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Most productive and impactful organizations

Of the 325 organizations that participated in the research, 272 published 1–5 papers each, 41 published 6–10 papers each, 11 published 11–20 articles each, and one published 26 papers. The top 30 organizations contributed 7–26 publications each; their combined share was 41.9% (320 publications). The top eight most productive and most impactful organizations are shown in [Table 2].
Table 2: Scientometric profile of the top 8 most productive and top 8 most impactful organizations

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Collaboration between organizations

All the top 30 research organizations except one had one-to-one collaborative linkages varying from 1 to 58. Nine organizations were from France, five each from China and UK, three from Italy, two each from India, Iran, and Brazil, and one each from Norway and the USA. The INSERM, France, Tongji Medical College, China, and Huazhong University of Science and Technology, China showed the largest number of collaborative ties (60, 58, and 58 linkages, respectively). At the organization to the organization level, Tongji Medical College, China, and Huazhong University of Science and Technology, China registered the highest number of collaborative linkages at 26, followed by INSERM, France and CNRS, France (10 links) [Supplementary Table 2].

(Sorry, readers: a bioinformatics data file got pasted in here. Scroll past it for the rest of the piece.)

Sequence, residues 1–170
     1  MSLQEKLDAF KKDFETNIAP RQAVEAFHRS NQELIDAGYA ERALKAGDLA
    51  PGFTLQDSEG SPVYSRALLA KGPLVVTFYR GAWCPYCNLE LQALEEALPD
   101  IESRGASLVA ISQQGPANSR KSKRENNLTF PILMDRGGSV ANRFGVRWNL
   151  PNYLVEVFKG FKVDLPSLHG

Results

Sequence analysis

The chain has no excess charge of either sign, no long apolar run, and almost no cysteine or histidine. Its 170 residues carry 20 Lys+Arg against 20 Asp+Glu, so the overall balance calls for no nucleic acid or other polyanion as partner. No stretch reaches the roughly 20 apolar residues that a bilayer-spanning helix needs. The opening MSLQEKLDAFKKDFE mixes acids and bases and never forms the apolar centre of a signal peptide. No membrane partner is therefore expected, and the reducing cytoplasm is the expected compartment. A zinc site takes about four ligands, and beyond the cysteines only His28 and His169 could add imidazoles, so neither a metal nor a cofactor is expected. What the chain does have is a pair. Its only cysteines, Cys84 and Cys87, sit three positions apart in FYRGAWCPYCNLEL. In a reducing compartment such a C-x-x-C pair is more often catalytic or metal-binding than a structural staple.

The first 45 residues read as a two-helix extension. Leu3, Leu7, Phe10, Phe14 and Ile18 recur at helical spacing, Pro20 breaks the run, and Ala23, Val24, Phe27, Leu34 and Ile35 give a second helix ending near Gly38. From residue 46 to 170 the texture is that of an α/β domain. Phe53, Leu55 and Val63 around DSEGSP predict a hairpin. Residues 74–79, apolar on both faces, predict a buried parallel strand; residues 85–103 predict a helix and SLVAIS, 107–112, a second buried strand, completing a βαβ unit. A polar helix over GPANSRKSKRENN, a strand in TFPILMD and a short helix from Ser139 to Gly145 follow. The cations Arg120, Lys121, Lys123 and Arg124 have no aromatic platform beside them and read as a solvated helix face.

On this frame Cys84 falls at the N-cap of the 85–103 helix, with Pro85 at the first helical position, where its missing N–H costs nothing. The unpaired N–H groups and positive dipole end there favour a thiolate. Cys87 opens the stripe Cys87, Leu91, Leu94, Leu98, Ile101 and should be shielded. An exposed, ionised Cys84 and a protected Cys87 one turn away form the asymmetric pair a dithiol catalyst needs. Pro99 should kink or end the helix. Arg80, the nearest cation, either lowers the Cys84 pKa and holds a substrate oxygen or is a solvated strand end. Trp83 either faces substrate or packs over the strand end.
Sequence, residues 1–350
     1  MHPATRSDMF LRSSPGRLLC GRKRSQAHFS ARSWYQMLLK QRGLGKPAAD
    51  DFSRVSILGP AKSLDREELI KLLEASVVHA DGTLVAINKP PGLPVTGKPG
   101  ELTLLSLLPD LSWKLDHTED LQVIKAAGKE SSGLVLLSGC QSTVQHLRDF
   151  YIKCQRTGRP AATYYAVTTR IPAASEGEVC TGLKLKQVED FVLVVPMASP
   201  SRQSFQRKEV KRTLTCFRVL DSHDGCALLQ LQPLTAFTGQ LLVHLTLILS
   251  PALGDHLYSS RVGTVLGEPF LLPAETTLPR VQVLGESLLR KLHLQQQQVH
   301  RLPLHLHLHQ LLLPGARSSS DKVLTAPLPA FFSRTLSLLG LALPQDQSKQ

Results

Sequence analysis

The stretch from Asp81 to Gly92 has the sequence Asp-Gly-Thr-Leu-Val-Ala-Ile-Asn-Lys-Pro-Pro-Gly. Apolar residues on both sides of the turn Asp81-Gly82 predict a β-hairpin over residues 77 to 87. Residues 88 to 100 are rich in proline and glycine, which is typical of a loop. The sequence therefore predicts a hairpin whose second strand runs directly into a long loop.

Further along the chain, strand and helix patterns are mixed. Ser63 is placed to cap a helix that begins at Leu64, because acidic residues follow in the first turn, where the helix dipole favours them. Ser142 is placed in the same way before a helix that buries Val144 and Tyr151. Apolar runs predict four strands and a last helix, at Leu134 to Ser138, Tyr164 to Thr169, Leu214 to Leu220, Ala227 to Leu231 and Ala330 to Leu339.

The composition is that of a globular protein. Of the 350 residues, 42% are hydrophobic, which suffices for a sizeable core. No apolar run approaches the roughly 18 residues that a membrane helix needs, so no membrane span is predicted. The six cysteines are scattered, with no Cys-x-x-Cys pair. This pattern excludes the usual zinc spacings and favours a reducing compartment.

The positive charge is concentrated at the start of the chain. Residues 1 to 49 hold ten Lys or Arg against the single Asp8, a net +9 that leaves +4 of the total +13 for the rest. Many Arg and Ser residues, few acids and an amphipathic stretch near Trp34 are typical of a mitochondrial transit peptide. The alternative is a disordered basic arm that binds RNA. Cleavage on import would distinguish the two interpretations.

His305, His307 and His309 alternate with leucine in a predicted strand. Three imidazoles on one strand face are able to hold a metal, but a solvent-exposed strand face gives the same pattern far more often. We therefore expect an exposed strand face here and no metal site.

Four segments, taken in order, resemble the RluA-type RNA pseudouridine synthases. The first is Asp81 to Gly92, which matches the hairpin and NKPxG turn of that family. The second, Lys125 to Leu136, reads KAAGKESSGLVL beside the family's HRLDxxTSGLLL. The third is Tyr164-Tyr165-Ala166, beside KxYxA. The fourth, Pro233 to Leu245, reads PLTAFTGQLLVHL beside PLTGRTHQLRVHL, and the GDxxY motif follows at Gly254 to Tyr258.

Supplementary Table 2: The extent of collaborative linkages among top 30 research organizations

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Top authors and their collaborations

Four hundred ninety-eight authors unevenly participated in the research; only 2 published 11 papers each, whereas 14 published 6–10 papers each, and the rest 482 authors published only 1–5 papers each. Of the top 30 authors, 10 were from France, 7 from Italy, 6 from India, 4 from the UK, and 1 each from China, Norway, and South Korea. [Table 3] lists the eight most productive and eight most impactful authors.